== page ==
Every week of the 2022 NFL season, we’ll celebrate electric plays, check misses, and spell out inexplicable moments in the NFL. latest list. Welcome to Winners and Losers – Thanksgiving Edition. which one are you
Winner: The Double Back Cover
I’m thankful that New York legalized sports gambling this year, so I was able to publicly state that I’m betting on sports at the Thanksgiving table without my parents reacting like I was dealing black heroin on the dark web. And this year’s Cowboys Thanksgiving game—traditionally the most watched game of the NFL regular season—ended with a stunning example of the brilliance and stupidity of gambling: a completely unnecessary double tailback.
The Cowboys smashed the Giants in the second half, scoring on consecutive runs to turn a 13-7 deficit into a 28-13 lead. The Giants were cooked like turkey, and the Cowboys were on their way to their first Thanksgiving win since 2018…but the game isn’t over for everyone. With eight seconds left, Giants QB Daniel Jones threw this seemingly meaningless touchdown pass to Richie James:
Not only did the Giants cover a 10-point deficit, but they also ensured that the game topped the 45-point total. As far as I can tell, it’s the first play that turns the difference And the Total in the last 15 seconds of a game since Aaron Rodgers threw a Hail Mary to beat the Lions in 2015…but, for one, the Packers also won the game. Giants TD means nothing unless you have money in the game.
Loser: near relegation
At Thursday’s Cowboys-Giants game, CeeDee Lamb achieved something we should be talking about–a one-handed, magical feat that required uncanny coordination with his eyes, hands, and feet, all acting independently of each other for a seemingly impossible disposal. Instead, the NFL said it does not count:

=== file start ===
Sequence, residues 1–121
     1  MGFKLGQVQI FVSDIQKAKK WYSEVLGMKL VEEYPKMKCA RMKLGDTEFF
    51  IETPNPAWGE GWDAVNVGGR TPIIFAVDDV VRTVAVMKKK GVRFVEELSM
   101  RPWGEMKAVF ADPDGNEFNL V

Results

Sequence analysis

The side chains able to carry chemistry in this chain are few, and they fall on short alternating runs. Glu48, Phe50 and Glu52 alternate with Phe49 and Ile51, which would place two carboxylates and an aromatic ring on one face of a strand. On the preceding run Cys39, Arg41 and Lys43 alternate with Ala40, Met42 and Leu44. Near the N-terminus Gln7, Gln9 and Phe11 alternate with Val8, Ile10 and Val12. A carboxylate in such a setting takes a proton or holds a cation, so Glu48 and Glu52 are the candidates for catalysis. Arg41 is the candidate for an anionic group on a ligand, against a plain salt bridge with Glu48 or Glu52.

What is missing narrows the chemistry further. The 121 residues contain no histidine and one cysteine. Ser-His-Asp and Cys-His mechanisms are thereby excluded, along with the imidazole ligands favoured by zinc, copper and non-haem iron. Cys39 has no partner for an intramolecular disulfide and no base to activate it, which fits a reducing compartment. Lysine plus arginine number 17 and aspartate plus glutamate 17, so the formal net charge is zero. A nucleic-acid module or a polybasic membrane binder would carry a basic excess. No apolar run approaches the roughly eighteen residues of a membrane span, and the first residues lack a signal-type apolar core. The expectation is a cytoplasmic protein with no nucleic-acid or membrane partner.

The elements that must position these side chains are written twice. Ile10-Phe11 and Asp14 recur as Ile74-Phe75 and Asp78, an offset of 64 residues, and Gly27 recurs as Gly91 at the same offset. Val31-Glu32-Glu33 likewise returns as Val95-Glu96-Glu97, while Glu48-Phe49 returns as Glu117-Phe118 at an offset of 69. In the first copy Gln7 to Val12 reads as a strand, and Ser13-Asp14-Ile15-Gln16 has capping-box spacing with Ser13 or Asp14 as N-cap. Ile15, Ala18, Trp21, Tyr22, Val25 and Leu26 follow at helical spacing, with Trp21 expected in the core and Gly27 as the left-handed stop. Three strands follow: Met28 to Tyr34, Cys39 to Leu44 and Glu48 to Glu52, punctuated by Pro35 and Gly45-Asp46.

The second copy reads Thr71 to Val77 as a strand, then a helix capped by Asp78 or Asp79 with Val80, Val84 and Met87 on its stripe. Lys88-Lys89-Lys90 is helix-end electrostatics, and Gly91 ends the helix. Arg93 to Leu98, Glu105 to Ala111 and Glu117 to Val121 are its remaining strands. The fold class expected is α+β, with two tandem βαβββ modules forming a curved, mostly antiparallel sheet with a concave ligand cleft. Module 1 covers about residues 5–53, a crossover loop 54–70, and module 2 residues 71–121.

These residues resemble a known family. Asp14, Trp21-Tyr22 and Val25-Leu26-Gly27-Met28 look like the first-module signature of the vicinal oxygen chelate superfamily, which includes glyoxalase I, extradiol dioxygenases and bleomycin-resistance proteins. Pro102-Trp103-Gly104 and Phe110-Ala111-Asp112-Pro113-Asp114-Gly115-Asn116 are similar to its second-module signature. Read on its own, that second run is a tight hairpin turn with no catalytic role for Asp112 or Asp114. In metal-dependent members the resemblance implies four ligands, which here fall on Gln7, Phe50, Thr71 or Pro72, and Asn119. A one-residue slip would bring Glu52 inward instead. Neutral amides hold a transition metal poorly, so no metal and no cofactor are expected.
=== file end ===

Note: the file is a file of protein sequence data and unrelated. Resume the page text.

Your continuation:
There is a moment here where Lamb sure seems to have scored a touchdown all along. After holding the ball with one hand and tapping down with his right foot, he drops the toe of his left foot while his right foot hovers over the out-of-bounds line. It’s a moment you can capture in a seemingly revealing screenshot:
Unfortunately, due to NFL connotations, this is not a touchdown. The Lamb has gone two feet inward – but after touching his left toe inward, his left heel is going out of bounds. If Lamb raised his foot from the ground after the toe went inward and and then Touching his heel out of bounds would be the score, but since the heel and toe were part of the same move, it’s not that difficult. You get it – it would be really difficult for a reviewer to parse the exact moments when certain parts of the feet descend inwards. Referee Scott Novak gave a lengthy and convoluted announcement that spelled out all the ways that it was Approximately Landing before you say “toe and then heel, out of bounds.” What a tease, ref! You didn’t need to say anything other than the “off limits” part!
The lamb hunt would have been a legendary moment, but whatever. The Cowboys scored another touchdown on the next play, winning comfortably. But the final game for the Thanksgiving roster would be decided on another apparent touchdown. The officials decided that using a slow-motion replay wasn’t difficult. On first down, the Patriots officials awarded TE Hunter Henry a touchdown on this play, giving New England a seven-point lead over the Vikings. But it was eventually overturned, forcing the Patriots to settle for a field goal in a tied game that ended up losing seven points.
The ruling, made by senior New York league officials, was that because Henry was “down to the ground,” Henry had to control the ball through any contact with the ground. On the replay, the officials determined that (a) the ball hit the ground and (b) Henry lost control of the ball. But, like… did any of these things happen? How sure are we that the ball touched the grass between the fingers of Henry, who was cradling the ball? Will Henry lose control of the ball after it hits the ground? He appears to control it through contact with the ground, then loses the ball momentarily as he rolls onto his back, then regains it.